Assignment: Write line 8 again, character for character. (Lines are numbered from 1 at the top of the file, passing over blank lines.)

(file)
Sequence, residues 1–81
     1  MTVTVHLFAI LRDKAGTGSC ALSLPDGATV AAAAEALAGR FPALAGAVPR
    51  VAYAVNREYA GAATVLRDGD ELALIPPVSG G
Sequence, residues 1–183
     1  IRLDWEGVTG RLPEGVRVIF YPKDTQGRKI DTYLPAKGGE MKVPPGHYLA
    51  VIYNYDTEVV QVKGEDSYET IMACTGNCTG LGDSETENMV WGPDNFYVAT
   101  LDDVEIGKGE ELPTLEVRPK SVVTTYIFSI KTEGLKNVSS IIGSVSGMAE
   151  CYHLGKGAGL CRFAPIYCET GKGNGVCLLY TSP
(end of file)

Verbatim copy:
   151  CYHLGKGAGL CRFAPIYCET GKGNGVCLLY TSP